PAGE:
The Rewrite – Hugh Grant is a washed up, divorced and broke Oscar-winning screenwriter who has been forced to take a job as a teacher at a small college. His life, wait for it, takes on new meaning when he becomes involved with a single mother (Marisa Tomei) who has gone back to school. J.K. Simmons (Whiplash, Juno) and Allison Janney (Juno) also star. Critical reception is mixed, leaning to positive. Rated G

Comet – A chance encounter brings together a cynical guy (Justin Long) and a quick-witted young woman (Emmy Rossum) for a tempestuous, star-crossed love affair that takes them from a meteor shower in Los Angeles, to an encounter in a Paris hotel room, to a fateful phone call. Critical reception is mixed. Rated 13+

Gallows Hill – After an American man and his family are involved in a traffic wreck in Colombia, they take refuge in a secluded inn. There, they discover a girl locked in the basement and free her without knowing she’s an ancient evil spirit. Peter Facinelli, Sophia Myles and Nathalia Ramos star. Also known as The Damned, critical reception is mostly negative. Rated 15+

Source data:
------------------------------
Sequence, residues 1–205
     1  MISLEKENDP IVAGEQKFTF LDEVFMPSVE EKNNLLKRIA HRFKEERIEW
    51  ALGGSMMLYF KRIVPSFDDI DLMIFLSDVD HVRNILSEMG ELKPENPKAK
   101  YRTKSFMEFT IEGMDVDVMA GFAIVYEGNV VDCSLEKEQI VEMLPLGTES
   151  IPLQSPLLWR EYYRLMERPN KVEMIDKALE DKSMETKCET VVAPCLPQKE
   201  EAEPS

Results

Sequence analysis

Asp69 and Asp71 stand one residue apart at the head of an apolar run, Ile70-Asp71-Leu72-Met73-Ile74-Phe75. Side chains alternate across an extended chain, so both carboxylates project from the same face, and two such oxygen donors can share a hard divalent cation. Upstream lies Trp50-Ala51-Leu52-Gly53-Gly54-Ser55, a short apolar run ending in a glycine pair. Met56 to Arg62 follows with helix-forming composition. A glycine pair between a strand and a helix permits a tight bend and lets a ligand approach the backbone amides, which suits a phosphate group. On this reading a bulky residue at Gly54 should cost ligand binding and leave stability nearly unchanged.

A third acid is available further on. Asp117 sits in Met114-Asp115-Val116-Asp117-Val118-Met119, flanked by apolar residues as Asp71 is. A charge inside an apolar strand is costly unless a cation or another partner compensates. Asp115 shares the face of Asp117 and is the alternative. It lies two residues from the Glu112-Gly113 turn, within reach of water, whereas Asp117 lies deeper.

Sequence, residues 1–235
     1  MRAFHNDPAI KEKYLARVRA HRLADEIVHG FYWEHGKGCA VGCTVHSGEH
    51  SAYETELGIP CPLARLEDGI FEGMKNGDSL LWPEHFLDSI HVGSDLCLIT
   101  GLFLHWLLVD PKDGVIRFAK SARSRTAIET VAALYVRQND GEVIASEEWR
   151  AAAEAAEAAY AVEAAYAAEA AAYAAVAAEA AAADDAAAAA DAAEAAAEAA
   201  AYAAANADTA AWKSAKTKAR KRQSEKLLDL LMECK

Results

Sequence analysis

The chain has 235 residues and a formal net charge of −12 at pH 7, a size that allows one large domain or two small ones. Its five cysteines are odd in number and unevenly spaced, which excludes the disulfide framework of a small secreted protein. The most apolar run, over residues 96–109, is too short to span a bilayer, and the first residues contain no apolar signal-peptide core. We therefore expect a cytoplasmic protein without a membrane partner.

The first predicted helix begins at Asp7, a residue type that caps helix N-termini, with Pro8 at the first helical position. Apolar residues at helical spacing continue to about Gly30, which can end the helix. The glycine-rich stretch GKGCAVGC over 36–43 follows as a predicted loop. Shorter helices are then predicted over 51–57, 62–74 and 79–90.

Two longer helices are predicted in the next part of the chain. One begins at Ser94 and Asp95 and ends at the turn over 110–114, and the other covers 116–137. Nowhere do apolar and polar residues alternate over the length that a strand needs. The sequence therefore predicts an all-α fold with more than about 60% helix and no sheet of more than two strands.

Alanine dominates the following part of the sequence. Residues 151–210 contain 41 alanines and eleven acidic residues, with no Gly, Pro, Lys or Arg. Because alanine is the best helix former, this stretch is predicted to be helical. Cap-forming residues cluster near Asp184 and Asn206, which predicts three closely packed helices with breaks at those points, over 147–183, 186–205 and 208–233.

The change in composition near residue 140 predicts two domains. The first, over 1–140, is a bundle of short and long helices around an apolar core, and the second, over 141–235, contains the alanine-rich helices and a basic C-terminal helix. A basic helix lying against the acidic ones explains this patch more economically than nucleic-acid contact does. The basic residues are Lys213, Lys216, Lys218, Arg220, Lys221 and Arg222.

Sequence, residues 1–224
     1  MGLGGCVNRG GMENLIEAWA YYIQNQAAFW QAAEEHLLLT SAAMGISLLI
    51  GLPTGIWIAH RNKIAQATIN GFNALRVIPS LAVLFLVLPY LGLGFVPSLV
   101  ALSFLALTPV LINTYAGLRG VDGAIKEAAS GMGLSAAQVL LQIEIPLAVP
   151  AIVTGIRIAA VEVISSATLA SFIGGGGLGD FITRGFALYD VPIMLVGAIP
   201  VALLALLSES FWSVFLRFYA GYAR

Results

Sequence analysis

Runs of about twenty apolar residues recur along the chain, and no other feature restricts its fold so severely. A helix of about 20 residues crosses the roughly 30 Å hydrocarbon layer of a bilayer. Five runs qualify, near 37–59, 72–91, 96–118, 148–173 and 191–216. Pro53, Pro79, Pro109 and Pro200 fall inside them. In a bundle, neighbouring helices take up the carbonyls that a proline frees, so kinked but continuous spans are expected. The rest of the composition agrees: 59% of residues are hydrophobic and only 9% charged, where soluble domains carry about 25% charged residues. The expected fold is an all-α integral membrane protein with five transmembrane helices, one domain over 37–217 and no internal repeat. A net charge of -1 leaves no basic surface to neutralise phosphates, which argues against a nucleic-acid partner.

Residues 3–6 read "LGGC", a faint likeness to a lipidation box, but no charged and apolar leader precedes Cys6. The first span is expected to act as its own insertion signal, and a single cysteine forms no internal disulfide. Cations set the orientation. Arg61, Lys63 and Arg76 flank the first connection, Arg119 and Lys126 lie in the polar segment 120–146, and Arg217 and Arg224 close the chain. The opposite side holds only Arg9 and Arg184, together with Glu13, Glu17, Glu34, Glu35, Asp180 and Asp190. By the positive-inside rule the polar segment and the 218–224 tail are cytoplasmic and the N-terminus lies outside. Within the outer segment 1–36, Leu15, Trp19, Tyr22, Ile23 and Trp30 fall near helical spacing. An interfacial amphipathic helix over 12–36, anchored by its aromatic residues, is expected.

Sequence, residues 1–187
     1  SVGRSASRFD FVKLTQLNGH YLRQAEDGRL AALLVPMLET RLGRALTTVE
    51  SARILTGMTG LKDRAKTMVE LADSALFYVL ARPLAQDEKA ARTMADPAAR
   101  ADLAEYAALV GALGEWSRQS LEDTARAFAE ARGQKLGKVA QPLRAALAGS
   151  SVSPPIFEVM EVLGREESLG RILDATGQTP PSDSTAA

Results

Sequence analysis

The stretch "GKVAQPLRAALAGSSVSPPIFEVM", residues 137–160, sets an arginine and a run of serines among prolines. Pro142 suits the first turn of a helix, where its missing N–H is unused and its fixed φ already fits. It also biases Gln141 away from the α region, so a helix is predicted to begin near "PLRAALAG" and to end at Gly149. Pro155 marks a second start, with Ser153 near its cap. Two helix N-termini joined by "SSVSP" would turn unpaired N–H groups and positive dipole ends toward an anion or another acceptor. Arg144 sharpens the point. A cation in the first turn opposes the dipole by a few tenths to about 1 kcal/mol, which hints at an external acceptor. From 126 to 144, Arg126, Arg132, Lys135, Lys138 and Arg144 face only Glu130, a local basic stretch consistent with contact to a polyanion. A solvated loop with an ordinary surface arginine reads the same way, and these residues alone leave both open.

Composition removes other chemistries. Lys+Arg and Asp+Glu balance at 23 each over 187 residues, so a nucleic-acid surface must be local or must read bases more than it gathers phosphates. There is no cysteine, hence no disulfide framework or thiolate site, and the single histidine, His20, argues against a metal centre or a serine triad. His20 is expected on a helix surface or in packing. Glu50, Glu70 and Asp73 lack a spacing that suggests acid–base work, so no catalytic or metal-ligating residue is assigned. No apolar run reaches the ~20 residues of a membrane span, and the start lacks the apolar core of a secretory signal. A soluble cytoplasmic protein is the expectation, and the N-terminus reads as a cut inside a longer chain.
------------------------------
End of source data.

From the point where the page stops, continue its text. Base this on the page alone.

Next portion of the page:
Dolly Ki Doli – Sonam Kapoor is a conwoman who travels around, duping wealthy men into marriage and then running away with their loot. It's in Hindi with English and Thai subtitles at Major Cineplex Sukhumvit, Rama III and Pattaya. Opens Friday.

Also showing

The Friese-Greene Club – Australia vs. New Zealand is one of the features this month, with the two countries' film masterpieces going head-to-head on Thursdays and Fridays. Tonight, it's Nicolas Roeg's highly regarded Walkabout, in which a girl and boy stranded in the Outback are assisted by a mystical Aboriginal boy. Tomorrow, it's the Kiwis' turn with Jane Campion's award-winning The Piano, starring Holly Hunter as a mute Scotswoman sold into marriage in Auckland. With the help of her daughter (Anna Paquin in her debut role) and a buns-baring handyman (Harvey Keitel), she struggles to get her prized piano back after it was sold by her boorish husband (Sam Neill). There are no film screenings this weekend, so it is suggested that club members find a seat at the Thailand International Film Destination Festival, covered below. Shows are at 8pm. The FGC is down an alley next to the Queen's Park Imperial Hotel on Sukhumvit Soi 22.  For more details, check the club's Facebook page. There's just nine seats, so book them.